Successful musicians employ two repetition strategies:
Play a specifc number of repetitions. Play the part in question fve or ten times in a row. Te ultimate 1.
goal is to get it right every time, but shoot for four out of fve (or nine out of ten) being correct. If you’re
unsuccessful playing these repetitions, slow down and keep practicing.
Play for a certain amount of measures. If it is a tough beat, pattern, or groove, make sure you can 2.
complete four measures in a row without stopping. Even better, see if you can add flls and dynamics
without changing the tempo or feel.
If you move on to other material the frst time you play something correctly, you’ll have to come back
tomorrow and learn it all over again. Repetitions cement the music into your muscle memory and save you a
lot of practice time.
Remember this anonymous quote: “Amateurs practice until they get it right. Professionals practice until they
can’t get it wrong.” Even if you’re not a professional drummer, you’ll beneft from using the practice secrets
of the pros.
The Ten Minute Drum Virtuoso | 55
Copyright © 2012 Molto Music Publishing Company | www.moltomusic.com
Part III
Sec rets to Inspire and Motivate You
Every Time You Play
Te more motivated you are to play drums, the more you’ll learn in a short amount
of time. Part III reveals the most efective strategies for drummers who don’t always
feel they have enough time for their music. Use these secrets to stay inspired, stick to
your plan, and build a success mindset.
The Ten Minute Drum Virtuoso Part III: Secrets to Inspire and Motivate You—Every Time You Play | 58
Copyright © 2012 Molto Music Publishing Company | www.moltomusic.com
Secret 55
Understand the Learning Curve
It’s normal not to see constant improvement
Y
ou may find it difcult to believe that you’ve forgotten how to play something that was completely
playable just a couple days ago. Not seeing day-to-day progress can be frustrating.
Tis frustration comes from misunderstanding the learning curve. Drummers expect the learning curve to
work like this: Once a section of a song is learned, it will only get better, easier, and faster. Every day will be
an improvement on the day before, and progress will always move in a positive direction.
Unfortunately, here’s how the learning curve actually works: You learn something. But, when you return
to it another day, you might have to fgure it all out again. You don’t make any progress at all for days on
end. Ten, one day you have a breakthrough, and you can play it twice as fast. Te day afer that, your
coordination drops a bit.
Tis constant rise and fall in your progress is completely normal. Even if you’re seeing no change in your
abilities for many days in a row, you are getting better. Stay with the program because you will have another
breakthrough. Ten what will happen? You will slip back from that plateau and your learning may be fat
again. Tis will continue over and over, day by day, year afer year.
Human beings do not make constant progress. Te nature of the learning curve is one of the primary reasons
you need to practice drumming every day. You’ll never see the next breakthrough in your playing if you’re
only practicing once a week.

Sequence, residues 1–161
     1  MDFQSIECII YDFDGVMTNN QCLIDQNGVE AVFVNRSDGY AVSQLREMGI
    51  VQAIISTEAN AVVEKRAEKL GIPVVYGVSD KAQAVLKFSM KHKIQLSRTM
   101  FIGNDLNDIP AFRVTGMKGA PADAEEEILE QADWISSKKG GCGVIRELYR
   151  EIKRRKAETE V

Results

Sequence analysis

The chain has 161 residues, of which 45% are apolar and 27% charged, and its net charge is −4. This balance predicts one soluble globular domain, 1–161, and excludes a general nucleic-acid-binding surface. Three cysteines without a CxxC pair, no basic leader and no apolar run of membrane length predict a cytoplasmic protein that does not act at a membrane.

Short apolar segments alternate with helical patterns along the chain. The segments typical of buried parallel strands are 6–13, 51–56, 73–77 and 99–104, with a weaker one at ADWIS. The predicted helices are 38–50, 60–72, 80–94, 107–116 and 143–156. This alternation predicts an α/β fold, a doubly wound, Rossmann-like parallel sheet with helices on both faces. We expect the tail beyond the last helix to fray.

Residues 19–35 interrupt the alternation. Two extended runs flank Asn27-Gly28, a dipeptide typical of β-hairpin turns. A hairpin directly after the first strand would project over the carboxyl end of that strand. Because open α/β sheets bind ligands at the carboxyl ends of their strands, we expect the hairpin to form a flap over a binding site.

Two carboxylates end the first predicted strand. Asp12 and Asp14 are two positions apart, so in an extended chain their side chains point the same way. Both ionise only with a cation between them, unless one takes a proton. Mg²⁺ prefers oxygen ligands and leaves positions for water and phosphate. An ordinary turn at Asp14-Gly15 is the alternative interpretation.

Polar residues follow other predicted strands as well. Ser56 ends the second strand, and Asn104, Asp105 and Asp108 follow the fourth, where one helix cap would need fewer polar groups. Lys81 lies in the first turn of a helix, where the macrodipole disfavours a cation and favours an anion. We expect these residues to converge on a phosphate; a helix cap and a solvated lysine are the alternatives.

Te learning curve is a lot like a roller coaster. It’s a crazy ride with many ups and downs. As long as you know
and expect this, you can stay calm during the times you don’t feel you’re getting any better. Te improvement
is coming! Just keep working.
The Ten Minute Drum Virtuoso Part III: Secrets to Inspire and Motivate You—Every Time You Play | 79
Copyright © 2012 Molto Music Publishing Company | www.moltomusic.com
Secret 76
Get Rid of Practice Barriers
Eliminating roadblocks in your life
S
o many drummers place barriers between themselves and playing their instruments that they never
get around to practicing. Others only squeeze in one practice session every week or two. Imagine how
much more fun you would have if you played drums regularly. You’d improve faster and never feel guilty
about not playing.
Make it easy to start practicing. Don’t let physical or mental barriers get in your way. Tese are the most
common roadblocks musicians create:
Not having practicing on your calendar. Put drumming on your calendar like any other important ™
activity.
Keeping your drums in their cases between gigs and band practices. Make your instrument accessible at ™
all times.
Not having a special place where you practice. Choose a specifc spot, even if it’s just a corner in the ™
basement.
Tinking it’s okay to skip today and telling yourself you’ll get back to drumming tomorrow. No you ™
won’t. Play for ten minutes right now!
Not having a plan. Start by choosing one beat, rudiment, or concept you want to learn. ™
Having a goal that is impossible to reach so you’re always frustrated. You need a short-term goal that you ™
can achieve this week. Little goals eventually build into your big goal.
Not being able to make noise in your house or apartment. Do whatever it takes so you can play. ™
Practice on pads or with headphones on an electronic set. Or, you could even soundproof a room.
Tinking that all conditions must be perfect—the house to yourself, an afernoon totally free, feeling ™
excited to play—before you can start. Just start. Life is never perfect.
How many of these barriers do you have in your life? It’s time to make some changes so you can easily and
comfortably play the drums every day.
The Ten Minute Drum Virtuoso | 81